Comments will be appreciated. 

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1.  What type of SDXC card will work with the A7s?  (I had a 64Gb class 10 95Mb/s - this seems to be a problem as the write speed is only 45Mb/s??)

I have two PNY 64GB SDXC UHS-I cards with write speeds of 95Mb/s. Not had a problem with them at all. You can only shoot XAVC-S to SDXC cards, but you can shoot AVCHD to others.
 

2. Will the XAVC-S codec improve my video quality in low light?

XAVC-S is a high quality and very efficient codec. Use it for best results. AVCHD will still be usable, but if it's a choice - go XAVC-S
 

3. What do I have to check in the video setting to improve low light without so much noise?  I used profile 6 to access the lower ISO range.  I shot with a APC sensor prime lens from my NEX 5R (16mm F2.8) at 1600 ISO (NTSC) and dropped the frame rate to 30 to allow more light.)


I'm not sure what this question means exactly... How low light are we talking? I'd shoot Slog XAVC-S.
Bear in mind that there has to be some light for it to give results. You couldn't, for example, expect the camera to see detail in a pitch black room.

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Thanks!!  I shot about 15 min. after sunset which left enough "glow".  There were also some lights from the house next door and my outdoor light was on.  The video was not bad but it had too much noise - the stuff I saw from Philllip Bloom made my buy this camera and now I see just noise in my video that I do not see in his....  I'll get the right card and try again!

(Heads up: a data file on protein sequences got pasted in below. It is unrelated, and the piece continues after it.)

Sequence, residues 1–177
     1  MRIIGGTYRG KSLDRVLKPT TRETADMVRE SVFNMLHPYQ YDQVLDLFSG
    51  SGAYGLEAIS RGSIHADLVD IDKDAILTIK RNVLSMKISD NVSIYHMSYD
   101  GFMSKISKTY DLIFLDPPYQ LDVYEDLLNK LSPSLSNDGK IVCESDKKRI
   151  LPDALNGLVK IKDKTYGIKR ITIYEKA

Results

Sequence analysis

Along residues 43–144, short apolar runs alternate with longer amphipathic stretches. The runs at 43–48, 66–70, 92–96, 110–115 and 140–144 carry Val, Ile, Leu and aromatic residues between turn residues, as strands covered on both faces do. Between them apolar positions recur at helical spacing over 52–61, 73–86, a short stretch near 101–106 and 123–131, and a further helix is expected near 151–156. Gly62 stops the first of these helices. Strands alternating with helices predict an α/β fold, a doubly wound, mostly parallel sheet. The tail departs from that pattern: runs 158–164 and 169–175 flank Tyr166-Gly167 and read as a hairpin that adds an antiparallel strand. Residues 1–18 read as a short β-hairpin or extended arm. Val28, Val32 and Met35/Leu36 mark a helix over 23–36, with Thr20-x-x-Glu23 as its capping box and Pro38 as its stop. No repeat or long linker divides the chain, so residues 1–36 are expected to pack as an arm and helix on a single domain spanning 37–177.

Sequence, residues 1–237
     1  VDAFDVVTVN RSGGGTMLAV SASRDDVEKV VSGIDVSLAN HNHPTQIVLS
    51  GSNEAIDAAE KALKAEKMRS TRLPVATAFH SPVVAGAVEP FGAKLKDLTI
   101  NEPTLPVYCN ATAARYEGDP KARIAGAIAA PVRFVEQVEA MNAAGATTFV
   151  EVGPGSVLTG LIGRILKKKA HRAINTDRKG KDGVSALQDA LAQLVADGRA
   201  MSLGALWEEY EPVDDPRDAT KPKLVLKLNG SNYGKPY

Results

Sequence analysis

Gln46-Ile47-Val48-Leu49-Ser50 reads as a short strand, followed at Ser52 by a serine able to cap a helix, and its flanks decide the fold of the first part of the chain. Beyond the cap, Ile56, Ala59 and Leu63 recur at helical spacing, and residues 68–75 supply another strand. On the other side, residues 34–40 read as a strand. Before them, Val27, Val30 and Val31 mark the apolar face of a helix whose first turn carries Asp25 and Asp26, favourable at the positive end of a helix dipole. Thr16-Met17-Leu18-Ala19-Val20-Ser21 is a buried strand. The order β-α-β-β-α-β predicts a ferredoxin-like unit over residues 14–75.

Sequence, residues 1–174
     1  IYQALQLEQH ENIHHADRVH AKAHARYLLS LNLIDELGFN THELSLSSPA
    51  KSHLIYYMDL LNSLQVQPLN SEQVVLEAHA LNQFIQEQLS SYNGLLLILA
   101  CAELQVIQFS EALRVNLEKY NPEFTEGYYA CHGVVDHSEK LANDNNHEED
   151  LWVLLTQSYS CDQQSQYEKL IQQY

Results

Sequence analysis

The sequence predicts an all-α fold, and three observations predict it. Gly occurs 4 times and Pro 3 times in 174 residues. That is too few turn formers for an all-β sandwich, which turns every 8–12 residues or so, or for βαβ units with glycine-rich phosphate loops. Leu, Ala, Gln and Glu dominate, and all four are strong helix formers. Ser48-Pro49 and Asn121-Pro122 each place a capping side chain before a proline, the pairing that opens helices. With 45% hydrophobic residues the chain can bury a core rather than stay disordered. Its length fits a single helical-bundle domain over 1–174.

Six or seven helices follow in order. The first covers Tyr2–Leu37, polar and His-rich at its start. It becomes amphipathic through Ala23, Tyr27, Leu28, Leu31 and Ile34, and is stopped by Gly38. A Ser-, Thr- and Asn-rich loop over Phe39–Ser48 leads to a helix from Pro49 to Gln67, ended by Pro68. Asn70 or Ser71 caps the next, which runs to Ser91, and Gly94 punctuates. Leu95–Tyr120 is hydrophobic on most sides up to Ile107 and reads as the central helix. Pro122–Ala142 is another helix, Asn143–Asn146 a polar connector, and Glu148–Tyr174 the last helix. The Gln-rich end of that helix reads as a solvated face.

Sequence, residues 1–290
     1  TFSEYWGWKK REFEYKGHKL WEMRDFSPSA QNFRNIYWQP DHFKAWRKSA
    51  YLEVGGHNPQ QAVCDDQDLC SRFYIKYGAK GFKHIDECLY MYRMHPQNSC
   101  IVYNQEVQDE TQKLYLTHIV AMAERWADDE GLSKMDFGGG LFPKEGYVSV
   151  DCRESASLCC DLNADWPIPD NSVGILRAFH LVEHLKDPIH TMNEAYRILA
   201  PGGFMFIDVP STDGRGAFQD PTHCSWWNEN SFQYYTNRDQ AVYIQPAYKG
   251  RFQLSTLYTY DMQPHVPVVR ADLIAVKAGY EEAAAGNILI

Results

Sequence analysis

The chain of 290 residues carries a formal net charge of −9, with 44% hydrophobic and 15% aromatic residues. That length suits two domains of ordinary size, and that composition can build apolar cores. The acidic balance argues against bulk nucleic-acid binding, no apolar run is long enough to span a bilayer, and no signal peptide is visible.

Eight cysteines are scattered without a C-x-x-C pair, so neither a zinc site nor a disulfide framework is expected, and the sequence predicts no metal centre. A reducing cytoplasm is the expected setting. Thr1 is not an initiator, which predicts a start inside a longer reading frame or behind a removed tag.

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Thanks!!  I shot about 15 min. after sunset which left enough "glow".  There were also some lights from the house next door and my outdoor light was on.  The video was not bad but it had too much noise - the stuff I saw from Philllip Bloom made my buy this camera and now I see just noise in my video that I do not see in his....  I'll get the right card and try again!

 

 

You are probably underexposing.